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|Title:||Shear-flow characteristics of rock fractures and implications for injection-induced seismicity||Authors:||Ji, Yinlin||Keywords:||Engineering::Civil engineering||Issue Date:||2020||Publisher:||Nanyang Technological University||Source:||Ji, Y. (2020). Shear-flow characteristics of rock fractures and implications for injection-induced seismicity. Doctoral thesis, Nanyang Technological University, Singapore.||Abstract:||Harvesting heat trapped in geothermal reservoirs has the potential to offer an affordable and sustainable solution for reducing the current dependence on fossil fuels. Hydraulic stimulation has been employed to enhance the permeability of geothermal reservoirs and to maintain the productivity of renewable heat. However, the effectiveness of heat extraction depends not only on the permeability of fractured granite but also on the injection-driven instability of pre-existing and hydraulically induced fractures. Over the past decades, induced seismicity resulted from fluid injection has sparked huge concerns for the safety and efficiency of deep geothermal systems. Therefore, understanding the mechanisms of injection-driven fracture instability is critical to the optimization of hydraulic stimulation strategies. The objectives of this study are to uncover the mechanisms of injection-driven fracture instability and to develop new hydraulic stimulation strategies for mitigating injection-induced seismicity. The injection-driven shear tests are conducted on sawcut and natural fractures in granite using the triaxial shear-flow setup. The design of the triaxial shear-flow setup ensures that the frictional slip purely occurs along the fracture and the injected fluid solely flows through the fracture without interacting with the adjacent granite matrix. The jacket deformation and fracture area reduction of the triaxial shear-flow setup are also systematically corrected to accommodate the dynamic changes of the test system and sample assembly. The experimental study reveals that the fracture surface heterogeneity and fluid pressure heterogeneity play significant role in controlling the injection-induced fracture instability. In the injection-driven shear tests, the sawcut and natural fractures exhibit dynamic slip (seismic) and quasi-dynamic sliding (aseismic), respectively, which are controlled by several physical processes, such as thermal pressurization and stress imbalance. The laboratory-derived fluid pressure heterogeneity is visualized in COMSOL simulations and increases with normal stress and injection rate, leading to the increase in fluid pressure at fracture failure. To explore the causal link between fluid pressure heterogeneity and fracture slip propagation, the PFC2D modeling is developed and demonstrates that non-uniformly pressurized fractures exhibit global and localized drops of shear stress during the aseismic and seismic slip, respectively, and the slip transition dominates the fluid injection period. The fluid pressure front lags behind the slip front and shear stress transfer front during the aseismic slip. The results also suggest that the prediction of seismic moment release should consider not only injected volume but also fluid pressure distribution, especially for non-uniformly pressurized fractures. The optimization of hydraulic stimulation strategies is finally inspired by the in-depth understanding of injection-induced seismicity. Cyclic fluid injection promotes the fluid pressure diffusion on fractures, but the reduction in seismic moment release depends on several cycle-related factors, such as critical fluid pressure and injection frequency. Proper design of injection parameters is thus essential to balance the energy budget between seismic energy and hydraulic energy. This study also indicates that the activation of nearby blind, critically stressed faults in some circumstances may be inevitable and the resulted moment magnitude is mostly controlled by the tectonic stresses.||URI:||https://hdl.handle.net/10356/143989||DOI:||10.32657/10356/143989||Rights:||This work is licensed under a Creative Commons Attribution-NonCommercial 4.0 International License (CC BY-NC 4.0).||Fulltext Permission:||open||Fulltext Availability:||With Fulltext|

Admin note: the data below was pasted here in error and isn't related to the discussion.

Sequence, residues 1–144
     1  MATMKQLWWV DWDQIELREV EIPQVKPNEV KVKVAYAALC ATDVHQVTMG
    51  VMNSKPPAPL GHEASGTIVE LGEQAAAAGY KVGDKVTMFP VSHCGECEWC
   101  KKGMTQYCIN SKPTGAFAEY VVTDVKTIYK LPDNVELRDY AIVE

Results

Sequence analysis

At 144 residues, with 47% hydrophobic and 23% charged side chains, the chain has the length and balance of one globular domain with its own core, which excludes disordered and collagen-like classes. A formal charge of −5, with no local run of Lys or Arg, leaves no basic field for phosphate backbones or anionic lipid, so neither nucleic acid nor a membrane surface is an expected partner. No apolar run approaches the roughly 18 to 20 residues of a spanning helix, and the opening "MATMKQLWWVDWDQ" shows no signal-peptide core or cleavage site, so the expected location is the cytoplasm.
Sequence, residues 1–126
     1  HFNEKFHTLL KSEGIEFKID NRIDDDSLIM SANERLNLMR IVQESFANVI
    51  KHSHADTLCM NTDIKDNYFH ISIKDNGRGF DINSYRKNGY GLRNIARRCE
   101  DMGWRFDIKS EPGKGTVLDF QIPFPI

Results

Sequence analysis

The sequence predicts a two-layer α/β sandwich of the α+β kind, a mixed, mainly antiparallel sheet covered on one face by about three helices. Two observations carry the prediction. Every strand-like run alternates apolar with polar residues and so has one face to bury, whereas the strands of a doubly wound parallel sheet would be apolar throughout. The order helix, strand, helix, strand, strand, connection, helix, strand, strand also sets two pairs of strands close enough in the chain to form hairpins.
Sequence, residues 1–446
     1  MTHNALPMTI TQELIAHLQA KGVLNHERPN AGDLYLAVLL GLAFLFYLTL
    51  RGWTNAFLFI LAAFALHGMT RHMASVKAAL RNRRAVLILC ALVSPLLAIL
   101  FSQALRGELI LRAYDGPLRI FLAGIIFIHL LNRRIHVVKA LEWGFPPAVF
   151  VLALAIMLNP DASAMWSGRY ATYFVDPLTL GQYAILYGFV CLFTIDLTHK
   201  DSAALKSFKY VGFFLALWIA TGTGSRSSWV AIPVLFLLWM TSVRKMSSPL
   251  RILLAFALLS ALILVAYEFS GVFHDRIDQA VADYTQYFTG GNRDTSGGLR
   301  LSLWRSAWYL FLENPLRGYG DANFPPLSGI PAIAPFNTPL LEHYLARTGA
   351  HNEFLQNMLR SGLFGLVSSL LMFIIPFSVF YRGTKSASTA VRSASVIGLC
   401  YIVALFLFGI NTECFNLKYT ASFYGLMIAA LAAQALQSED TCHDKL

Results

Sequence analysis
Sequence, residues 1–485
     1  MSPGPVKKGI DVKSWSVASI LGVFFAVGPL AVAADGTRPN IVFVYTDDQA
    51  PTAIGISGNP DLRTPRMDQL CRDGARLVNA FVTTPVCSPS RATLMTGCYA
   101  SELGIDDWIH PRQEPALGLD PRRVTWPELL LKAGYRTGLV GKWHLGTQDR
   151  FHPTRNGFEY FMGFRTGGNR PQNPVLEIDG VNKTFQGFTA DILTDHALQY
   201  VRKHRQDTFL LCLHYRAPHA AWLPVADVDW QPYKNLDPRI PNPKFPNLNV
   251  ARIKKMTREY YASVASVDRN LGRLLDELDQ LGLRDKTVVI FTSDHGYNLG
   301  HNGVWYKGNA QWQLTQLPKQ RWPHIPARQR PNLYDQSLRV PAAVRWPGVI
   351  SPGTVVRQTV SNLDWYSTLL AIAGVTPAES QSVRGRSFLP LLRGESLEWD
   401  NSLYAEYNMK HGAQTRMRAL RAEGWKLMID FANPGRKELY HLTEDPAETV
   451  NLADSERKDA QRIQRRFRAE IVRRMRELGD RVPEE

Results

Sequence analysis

|Appears in Collections:||CEE Theses|
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